Need Help! Multi sided wood milling


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Thread: Multi sided wood milling

  1. #1
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    Default Multi sided wood milling

    Hello

    I'm trying to suss out the best method of multi-sided milling - ie. milling a piece of wood (usually 130 x 65 x <1300 mm but may change) pine on all 4 sides.

    Willing to purchase the right tool if necessary to get the job done accurately & hopefully quickly as well.

    Has anyone approached multi-sided milling on a large-ish scale; what are the pros & cons?



    Here are the methods i have tried &/or thinking of trying:

    1/ Dowel registration method: has been giving me pretty good results but i'm limited to 2 sides & it takes a while to setup & clamp (I will be milling a lot of parts).

    2/ Template profile method: the results have been pretty good also but can take a while to remove/replace the parts in the template.
    Have been cutting template from MDF so after a while it starts to get a bit loose. Plus haven't tried 4 sided stuff yet.

    Not tried:

    3/ Spin indexer & tailstock: I can't figure out how the stock is fixed with the 5C collet - does it use a chuck? I could'nt find a 5C 3/4 jaw chuck.

    4/ Custom jig: I came across this jig & this looks exactly what i need but i'm wary of how much movement there would be with the stock.
    Stock also needs to run parallel to table.
    Is there a version of this manufactured by a company?

    5/ Custom jig 2: a flip jig someone has made; may be a bit small for the large stock

    6/ Rotary 4-axis & chuck: like this one; i'm only dealing with 90degree increments so servo control may be overkill.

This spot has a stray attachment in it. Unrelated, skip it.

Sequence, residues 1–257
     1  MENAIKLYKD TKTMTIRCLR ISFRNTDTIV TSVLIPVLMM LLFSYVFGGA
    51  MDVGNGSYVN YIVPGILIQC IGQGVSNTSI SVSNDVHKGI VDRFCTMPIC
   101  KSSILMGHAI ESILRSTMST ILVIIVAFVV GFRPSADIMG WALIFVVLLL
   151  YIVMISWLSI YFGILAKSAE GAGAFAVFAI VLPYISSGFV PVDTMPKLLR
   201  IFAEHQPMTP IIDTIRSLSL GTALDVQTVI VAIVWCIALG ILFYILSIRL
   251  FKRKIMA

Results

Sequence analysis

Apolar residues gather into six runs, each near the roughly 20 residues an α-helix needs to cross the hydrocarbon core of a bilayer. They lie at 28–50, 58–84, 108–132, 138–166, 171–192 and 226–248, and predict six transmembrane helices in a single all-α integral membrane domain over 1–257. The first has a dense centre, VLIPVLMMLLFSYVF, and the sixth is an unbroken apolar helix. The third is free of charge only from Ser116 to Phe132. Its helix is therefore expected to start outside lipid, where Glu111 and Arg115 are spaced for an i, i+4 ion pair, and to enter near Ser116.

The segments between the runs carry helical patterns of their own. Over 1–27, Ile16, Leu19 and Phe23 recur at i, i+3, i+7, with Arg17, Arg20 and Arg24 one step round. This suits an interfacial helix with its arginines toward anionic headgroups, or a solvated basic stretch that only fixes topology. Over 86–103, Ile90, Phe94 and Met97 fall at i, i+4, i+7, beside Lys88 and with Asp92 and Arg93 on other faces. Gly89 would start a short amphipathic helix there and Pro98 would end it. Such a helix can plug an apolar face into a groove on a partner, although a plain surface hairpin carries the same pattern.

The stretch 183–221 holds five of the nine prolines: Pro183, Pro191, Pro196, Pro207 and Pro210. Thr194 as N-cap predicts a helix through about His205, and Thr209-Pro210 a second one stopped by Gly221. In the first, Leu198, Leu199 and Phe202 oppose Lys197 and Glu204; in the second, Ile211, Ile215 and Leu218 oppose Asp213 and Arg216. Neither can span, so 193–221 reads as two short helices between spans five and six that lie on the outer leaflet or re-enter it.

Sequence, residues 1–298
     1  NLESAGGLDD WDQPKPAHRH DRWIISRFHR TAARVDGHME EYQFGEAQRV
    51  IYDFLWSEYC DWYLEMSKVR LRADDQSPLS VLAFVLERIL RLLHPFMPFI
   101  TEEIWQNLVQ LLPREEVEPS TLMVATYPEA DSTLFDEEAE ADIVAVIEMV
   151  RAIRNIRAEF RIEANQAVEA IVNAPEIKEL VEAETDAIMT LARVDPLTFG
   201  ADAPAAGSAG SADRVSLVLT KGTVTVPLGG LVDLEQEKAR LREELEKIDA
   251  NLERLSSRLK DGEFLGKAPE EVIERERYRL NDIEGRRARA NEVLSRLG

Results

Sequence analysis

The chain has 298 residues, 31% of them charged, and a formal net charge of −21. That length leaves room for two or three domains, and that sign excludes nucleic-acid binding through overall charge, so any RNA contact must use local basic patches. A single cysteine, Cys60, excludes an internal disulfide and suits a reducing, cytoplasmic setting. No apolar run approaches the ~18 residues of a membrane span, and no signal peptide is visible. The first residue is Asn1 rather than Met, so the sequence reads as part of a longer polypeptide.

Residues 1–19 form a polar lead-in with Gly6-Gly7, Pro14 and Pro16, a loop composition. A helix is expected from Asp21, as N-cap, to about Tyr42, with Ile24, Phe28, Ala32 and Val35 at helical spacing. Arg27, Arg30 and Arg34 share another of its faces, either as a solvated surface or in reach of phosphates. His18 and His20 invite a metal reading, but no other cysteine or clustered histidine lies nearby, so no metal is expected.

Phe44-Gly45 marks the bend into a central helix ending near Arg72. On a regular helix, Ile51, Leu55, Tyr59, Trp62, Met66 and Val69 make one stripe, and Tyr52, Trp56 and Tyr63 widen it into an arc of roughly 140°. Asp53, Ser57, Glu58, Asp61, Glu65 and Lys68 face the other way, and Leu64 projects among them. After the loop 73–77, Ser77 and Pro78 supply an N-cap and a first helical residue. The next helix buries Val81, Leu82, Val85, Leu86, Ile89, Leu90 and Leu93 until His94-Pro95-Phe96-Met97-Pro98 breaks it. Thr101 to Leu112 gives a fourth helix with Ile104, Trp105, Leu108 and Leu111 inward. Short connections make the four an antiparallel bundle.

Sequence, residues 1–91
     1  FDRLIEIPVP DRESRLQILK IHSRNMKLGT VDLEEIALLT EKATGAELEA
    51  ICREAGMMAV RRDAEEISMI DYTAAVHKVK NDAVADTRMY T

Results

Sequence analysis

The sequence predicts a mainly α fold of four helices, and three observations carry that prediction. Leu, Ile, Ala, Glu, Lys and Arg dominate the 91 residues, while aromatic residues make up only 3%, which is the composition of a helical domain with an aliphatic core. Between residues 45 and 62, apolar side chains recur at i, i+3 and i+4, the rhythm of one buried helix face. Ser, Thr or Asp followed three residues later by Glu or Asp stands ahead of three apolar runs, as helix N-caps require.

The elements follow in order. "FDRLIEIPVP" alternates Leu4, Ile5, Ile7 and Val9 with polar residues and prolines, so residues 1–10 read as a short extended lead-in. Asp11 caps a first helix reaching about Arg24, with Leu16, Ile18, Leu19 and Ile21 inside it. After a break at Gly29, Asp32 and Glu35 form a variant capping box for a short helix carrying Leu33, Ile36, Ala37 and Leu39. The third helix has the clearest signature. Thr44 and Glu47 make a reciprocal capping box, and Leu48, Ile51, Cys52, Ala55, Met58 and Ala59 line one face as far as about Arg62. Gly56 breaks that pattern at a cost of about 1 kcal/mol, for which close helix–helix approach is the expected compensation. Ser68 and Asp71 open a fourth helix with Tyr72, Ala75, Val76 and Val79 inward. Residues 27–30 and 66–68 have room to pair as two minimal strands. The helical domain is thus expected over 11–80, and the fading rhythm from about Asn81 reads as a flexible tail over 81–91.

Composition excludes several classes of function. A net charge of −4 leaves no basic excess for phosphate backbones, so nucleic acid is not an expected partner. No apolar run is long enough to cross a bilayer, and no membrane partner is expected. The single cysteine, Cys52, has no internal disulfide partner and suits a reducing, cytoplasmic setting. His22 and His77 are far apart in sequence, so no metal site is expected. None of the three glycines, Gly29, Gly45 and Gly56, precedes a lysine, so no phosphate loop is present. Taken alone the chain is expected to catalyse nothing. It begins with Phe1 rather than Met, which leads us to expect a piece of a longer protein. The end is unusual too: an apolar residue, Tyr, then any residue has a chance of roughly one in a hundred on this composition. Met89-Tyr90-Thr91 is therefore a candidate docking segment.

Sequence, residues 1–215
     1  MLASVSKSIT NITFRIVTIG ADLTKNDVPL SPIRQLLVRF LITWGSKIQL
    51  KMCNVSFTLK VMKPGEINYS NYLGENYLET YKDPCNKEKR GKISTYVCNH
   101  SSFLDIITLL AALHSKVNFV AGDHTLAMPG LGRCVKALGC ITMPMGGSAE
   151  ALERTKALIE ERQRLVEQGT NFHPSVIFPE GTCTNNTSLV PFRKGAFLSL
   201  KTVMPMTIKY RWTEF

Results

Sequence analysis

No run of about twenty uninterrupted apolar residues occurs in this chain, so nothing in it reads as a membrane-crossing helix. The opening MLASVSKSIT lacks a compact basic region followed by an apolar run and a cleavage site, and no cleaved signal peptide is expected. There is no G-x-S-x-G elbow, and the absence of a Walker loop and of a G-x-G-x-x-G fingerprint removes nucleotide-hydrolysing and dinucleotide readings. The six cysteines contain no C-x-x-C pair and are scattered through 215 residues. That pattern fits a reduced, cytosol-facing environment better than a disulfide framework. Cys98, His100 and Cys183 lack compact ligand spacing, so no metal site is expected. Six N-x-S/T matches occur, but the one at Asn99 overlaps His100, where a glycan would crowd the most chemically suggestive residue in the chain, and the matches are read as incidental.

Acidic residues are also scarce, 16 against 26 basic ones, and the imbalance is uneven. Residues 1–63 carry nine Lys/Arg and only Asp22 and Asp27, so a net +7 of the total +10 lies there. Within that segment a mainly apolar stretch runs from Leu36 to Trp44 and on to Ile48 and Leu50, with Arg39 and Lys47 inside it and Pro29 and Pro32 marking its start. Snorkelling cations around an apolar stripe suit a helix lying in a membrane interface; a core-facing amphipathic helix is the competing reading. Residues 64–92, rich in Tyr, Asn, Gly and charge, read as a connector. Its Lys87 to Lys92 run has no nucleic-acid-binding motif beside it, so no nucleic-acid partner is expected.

7/ Dividing head: Very expensive - don't need it to rotate up/down


    So yeah, i'm a bit lost at what method is the best to get good accurate results with a large number of jobs.

    I'm also new to engineering so am unsure of the benefits various tools provide.


    Thanks for any help.

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  2. #2
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    Default Re: Multi sided wood milling

    The easiest way to do this is #6, the rotary table. You can get manual ones pretty inexpensively if indexing is all you want to do. But a servo or stepper-powered table would make more things possible.

    The cheapest way would be to build a fixture. It could be as simple as two identical square blocks of wood, one screwed to each end of your workpiece. Fasten some stops to your work surface so they stay registered when you rotate them - just clamp them down when you're carving on them.

    [FONT=Verdana]Andrew Werby[/FONT]
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  3. #3
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    Default Re: Multi sided wood milling

    The rotary table would be one of the easiest and most flexible. Under program control it opens a wide set of usefulness.

    You can also mount a face-plate in the chuck for differing fixtures for your material. Remember to size the chuck center-line clearance from the table to suit your material sizes and/or face-plate if you use one.



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